Bureau of Immigration to blacklist 459 aliens over fake firms

The Bureau of Immigration will blacklist 459 foreigners found to have used fake companies in their application for work visas, BI Commissioner Norman Tansingco said yesterday
The blacklisting is part of the bureau’s campaign to eliminate illegal aliens in the country, specifically those resorting to fraud to obtain visas, he said.

Tansingco explained that three consecutive audit reports from the BI’s verification and compliance division uncovered a total of 459 aliens utilizing fake companies during their application process.

“These foreign nationals’ applications were processed using the services of accredited entities, authorized to apply in behalf of the foreign nationals,” Tansingco said.

The visas of the 459 foreigners will be revoked and those currently in the country would be told to leave immediately, Tansingco said.

He added that they will be added to a blacklist to prevent re-entry.

Tansingco noted that 79 accredited liaison officers  and four BI lawyers are under investigation by the National Bureau of Investigation (NBI) for their alleged involvement in the scheme.

Last week, the BI reported the scheme to the Department of Justice, which committed to assisting the investigation along with the NBI.

‘Sex offenders arriving daily’

Meanwhile, the BI expressed alarm over the number of registered sex offenders the bureau has caught attempting to enter the country, BI spokesperson Dana Sandoval said yesterday.

In a press conference, Sandoval said that from January to November, the BI recorded at least 155 sex offenders attempting to enter the country.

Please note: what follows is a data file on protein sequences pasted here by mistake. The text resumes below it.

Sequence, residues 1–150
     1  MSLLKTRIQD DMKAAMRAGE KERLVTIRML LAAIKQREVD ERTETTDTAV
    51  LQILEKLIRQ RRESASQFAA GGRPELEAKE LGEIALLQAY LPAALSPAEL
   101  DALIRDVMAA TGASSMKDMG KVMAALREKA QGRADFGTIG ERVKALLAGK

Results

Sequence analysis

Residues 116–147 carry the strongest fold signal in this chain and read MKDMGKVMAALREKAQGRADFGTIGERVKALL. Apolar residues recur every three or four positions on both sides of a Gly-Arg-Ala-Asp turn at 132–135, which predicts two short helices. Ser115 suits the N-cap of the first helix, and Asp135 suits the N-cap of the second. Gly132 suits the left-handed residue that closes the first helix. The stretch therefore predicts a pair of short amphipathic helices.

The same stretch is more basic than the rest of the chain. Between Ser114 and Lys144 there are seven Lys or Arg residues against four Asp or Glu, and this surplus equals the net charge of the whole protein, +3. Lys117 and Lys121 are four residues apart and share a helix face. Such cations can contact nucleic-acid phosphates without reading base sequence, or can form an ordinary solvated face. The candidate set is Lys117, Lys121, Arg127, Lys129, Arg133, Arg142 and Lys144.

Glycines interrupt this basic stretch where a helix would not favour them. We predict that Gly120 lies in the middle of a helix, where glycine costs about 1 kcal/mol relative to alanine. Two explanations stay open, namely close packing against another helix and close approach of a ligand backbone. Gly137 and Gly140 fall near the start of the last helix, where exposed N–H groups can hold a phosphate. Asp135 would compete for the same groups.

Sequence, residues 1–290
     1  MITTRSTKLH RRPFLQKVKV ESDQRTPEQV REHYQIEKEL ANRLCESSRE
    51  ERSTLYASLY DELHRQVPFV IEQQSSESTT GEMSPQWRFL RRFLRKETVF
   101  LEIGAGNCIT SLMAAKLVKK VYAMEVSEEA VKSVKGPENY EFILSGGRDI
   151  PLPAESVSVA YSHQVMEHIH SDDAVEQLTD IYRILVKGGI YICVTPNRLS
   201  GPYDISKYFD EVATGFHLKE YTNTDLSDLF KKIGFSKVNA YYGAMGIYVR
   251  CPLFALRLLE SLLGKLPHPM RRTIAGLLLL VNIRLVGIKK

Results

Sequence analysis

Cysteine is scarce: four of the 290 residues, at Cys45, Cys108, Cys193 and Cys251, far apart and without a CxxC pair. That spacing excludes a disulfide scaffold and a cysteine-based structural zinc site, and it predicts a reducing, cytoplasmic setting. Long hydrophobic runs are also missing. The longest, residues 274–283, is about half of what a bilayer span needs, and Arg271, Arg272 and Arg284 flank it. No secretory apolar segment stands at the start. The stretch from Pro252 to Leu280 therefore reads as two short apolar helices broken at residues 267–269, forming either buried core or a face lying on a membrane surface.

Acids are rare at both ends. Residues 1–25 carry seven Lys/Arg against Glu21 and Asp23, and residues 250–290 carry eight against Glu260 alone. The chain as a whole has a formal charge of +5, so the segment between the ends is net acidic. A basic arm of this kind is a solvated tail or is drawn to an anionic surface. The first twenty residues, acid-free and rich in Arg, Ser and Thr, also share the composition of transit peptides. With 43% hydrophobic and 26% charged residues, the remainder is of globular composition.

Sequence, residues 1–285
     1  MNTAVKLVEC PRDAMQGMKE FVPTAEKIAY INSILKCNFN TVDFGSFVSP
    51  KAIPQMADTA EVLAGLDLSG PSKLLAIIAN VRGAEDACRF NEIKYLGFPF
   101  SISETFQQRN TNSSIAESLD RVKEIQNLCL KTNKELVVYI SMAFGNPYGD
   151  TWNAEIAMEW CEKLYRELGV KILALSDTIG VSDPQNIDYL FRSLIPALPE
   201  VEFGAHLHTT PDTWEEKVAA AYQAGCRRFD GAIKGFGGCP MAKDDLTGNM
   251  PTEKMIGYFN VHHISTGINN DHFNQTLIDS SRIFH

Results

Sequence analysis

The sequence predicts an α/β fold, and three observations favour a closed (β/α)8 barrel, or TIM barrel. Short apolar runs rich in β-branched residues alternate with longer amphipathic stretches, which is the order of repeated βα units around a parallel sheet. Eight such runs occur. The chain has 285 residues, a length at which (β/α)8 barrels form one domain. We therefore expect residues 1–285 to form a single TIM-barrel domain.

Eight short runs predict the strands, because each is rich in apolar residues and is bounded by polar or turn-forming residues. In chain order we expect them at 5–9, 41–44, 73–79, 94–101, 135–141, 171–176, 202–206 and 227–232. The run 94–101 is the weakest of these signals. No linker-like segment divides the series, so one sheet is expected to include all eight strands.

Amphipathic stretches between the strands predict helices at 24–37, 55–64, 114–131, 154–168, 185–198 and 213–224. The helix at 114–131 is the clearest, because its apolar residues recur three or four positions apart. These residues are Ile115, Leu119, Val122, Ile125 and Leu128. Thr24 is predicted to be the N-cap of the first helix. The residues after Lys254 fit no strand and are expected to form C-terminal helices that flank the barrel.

“That’s quite a lot compared to the previous year when we caught one or two sex offenders every now and then, they rarely entered the country. But now it’s becoming a daily thing for us, which is causing concern for the BI,” Sandoval said in English and Filipino.

Sandoval attributed the rise to the aftermath of the pandemic, citing the surge in online exploitation of children and women during lockdowns.

With international travel reopening, Sandoval said the Philippines has witnessed a corresponding increase in the number of tourists, potentially including those involved in sex tourism.

“We see this as a worrying trend that could be an effect of the pandemic – the exploitation that occurred online is now manifesting in live, in-person attempts,” she said.

While the BI has successfully intercepted registered sex offenders, Sandoval expressed concern about unregistered individuals engaging in sex tourism activities.

Sandoval urged the public to collaborate with the BI by reporting any information on foreign nationals involved in sex tourism.